According to the U.S. Department of State website, Indonesia is the fourth most populated country in the world with 224 million people. This fact brought great interest to me so I looked up the population growth graph to the year 2010 and what I found was the complete opposite. According to the graph the population is expected to drastically decline to less than 75% in 2010. I think that this decline in growth would be a benefit to the country because as of now, more than 107 million people live on the island of Java alone, which is approximately the size of New York City (U.S. Department of State, 2). It is one of the most densely populated areas in the world. This many people in a single area can easily cause security concerns, environmental pollution as well as a target for terrorists. I think that if we spread out the population of Indonesia between all the different islands it would benefit not only the people, but give room for more development. I think that this is very important to consider when developing new policies with other countries.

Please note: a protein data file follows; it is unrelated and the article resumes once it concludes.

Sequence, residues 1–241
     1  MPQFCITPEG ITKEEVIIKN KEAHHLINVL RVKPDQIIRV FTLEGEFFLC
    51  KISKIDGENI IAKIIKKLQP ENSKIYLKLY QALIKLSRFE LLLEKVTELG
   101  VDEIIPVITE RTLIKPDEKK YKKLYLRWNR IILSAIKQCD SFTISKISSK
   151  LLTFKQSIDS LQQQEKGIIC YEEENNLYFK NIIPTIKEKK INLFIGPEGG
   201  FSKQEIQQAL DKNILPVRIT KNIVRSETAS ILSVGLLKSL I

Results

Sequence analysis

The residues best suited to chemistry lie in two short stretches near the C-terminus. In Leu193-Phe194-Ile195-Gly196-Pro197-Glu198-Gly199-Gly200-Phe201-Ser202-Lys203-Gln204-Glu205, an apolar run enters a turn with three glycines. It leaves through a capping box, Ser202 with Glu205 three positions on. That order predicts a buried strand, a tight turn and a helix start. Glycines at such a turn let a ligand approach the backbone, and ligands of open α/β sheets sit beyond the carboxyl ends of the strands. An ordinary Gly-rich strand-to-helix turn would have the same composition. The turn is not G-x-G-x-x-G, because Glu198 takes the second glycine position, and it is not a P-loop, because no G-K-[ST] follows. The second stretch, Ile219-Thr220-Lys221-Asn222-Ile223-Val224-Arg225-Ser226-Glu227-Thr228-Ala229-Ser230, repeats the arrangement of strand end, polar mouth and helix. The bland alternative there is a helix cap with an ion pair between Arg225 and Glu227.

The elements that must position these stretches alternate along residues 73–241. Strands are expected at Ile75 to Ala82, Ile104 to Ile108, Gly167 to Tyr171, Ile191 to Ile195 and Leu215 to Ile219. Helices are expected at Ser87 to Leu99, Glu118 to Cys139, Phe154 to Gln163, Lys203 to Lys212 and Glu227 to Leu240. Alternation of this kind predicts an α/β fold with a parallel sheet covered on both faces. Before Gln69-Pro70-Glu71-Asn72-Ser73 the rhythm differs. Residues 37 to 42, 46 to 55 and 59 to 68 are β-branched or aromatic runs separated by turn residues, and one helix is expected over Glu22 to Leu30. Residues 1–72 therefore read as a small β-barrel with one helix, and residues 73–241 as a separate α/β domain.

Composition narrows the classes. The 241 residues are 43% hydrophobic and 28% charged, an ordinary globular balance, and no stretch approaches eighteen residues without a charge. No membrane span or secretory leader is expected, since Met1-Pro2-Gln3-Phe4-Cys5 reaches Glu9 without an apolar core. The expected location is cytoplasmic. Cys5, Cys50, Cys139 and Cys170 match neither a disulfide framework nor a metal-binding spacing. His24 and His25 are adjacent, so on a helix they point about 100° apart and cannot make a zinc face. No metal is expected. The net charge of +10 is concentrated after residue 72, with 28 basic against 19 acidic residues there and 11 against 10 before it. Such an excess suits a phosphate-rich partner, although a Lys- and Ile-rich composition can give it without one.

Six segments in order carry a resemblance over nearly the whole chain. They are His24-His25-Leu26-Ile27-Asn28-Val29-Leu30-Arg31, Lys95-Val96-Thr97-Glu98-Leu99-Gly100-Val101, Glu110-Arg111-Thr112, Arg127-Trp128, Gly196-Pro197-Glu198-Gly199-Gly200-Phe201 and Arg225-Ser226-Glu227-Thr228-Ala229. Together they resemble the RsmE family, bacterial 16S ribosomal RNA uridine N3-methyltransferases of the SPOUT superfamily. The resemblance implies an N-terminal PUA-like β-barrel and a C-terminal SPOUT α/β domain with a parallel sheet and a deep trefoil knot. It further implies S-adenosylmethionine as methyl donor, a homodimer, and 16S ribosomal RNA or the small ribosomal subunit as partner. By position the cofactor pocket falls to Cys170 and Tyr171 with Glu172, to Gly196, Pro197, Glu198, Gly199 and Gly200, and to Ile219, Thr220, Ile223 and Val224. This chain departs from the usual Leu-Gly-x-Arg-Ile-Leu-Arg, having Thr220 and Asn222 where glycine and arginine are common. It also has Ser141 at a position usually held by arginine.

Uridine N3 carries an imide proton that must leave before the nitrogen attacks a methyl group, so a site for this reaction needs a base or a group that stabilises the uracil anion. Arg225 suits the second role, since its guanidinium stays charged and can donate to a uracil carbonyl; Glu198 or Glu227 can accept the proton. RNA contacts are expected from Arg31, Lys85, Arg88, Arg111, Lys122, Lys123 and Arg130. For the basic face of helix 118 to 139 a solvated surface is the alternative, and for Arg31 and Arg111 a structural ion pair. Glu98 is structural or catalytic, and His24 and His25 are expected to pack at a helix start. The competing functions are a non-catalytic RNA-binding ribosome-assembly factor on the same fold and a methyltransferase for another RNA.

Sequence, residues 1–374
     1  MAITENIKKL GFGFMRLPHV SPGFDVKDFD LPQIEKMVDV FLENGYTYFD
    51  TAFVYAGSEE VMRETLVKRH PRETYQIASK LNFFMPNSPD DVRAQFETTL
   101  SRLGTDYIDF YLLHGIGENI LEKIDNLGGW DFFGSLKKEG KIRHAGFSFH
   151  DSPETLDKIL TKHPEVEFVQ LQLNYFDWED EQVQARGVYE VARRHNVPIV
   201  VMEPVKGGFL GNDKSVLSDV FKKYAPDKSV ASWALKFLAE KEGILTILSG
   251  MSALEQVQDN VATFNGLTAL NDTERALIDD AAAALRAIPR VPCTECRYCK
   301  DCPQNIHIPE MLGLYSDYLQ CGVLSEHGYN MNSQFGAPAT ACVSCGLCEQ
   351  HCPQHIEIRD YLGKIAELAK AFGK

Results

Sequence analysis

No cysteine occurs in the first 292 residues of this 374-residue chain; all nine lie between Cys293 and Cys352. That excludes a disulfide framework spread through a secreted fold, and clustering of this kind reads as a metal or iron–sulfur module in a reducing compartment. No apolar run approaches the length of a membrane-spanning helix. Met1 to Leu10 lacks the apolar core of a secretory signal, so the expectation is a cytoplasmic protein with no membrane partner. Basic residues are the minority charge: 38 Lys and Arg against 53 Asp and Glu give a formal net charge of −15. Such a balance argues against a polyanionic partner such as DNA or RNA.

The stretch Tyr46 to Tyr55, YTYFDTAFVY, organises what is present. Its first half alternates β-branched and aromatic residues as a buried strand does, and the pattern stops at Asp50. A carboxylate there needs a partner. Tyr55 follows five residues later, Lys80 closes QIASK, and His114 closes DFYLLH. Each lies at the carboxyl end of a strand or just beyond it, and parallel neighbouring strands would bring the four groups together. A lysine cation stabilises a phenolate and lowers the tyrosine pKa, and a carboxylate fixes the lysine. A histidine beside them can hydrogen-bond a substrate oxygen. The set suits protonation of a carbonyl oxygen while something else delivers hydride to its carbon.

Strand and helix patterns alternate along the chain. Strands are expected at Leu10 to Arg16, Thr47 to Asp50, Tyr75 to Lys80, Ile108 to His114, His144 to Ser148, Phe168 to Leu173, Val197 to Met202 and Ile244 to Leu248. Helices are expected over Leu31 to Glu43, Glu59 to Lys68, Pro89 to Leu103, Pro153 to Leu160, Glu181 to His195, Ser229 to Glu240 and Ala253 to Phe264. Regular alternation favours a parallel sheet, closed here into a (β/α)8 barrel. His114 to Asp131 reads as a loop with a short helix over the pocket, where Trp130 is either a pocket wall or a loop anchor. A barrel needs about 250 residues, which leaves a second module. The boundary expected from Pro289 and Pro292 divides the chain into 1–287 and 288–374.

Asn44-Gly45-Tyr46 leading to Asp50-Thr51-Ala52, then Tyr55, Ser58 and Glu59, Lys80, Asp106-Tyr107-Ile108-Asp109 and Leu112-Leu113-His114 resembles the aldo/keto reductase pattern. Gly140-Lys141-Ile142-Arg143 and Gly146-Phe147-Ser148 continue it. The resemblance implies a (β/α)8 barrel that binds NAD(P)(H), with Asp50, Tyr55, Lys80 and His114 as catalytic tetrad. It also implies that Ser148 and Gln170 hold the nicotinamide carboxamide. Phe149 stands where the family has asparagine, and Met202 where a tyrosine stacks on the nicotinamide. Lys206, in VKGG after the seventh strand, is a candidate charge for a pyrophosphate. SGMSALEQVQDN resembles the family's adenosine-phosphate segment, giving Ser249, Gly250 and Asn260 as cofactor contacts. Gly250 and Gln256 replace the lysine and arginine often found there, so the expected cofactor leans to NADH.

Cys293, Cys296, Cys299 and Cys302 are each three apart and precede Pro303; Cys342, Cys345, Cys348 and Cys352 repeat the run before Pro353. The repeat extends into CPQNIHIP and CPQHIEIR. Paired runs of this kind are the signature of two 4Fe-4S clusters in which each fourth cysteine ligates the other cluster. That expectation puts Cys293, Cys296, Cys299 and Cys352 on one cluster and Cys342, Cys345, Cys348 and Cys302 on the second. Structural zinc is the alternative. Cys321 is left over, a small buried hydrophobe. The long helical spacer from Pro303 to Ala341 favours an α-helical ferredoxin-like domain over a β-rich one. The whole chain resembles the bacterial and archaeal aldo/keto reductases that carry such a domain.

After the 1997-98 financial crisis in Indonesia the countries gross domestic product growth rate slowly started rising to its estimated peak in 2004. According to my second graph which is the GDP growth rate, after the peak in 2004 it dropped to about 3.7% in 2005 and in 2006 slowly started rising again, but not yet as much as its peak in 2004 was. This trend in GDP growth is very unstable and may be a contributing factor in why some other countries are hesitant in developing in Indonesia. Correlating with Maslows hierarchy of needs, people create systems to fulfill their needs. In Indonesia’s case however, our goal is to be economically stable. With our GDP rate being really unstable and constantly changing, this is definitely a big concern for the status of our country and how we are viewed by investors throughout the world. According to Laswell’s welfare values, this fluctuation is not good for the well-being of our economy and we need to focus on stabilizing and raising the GDP overall growth rate. Laswell’s deference values such as Indonesia’s power and respect that we gain from other countries are unstable because of our economic instability.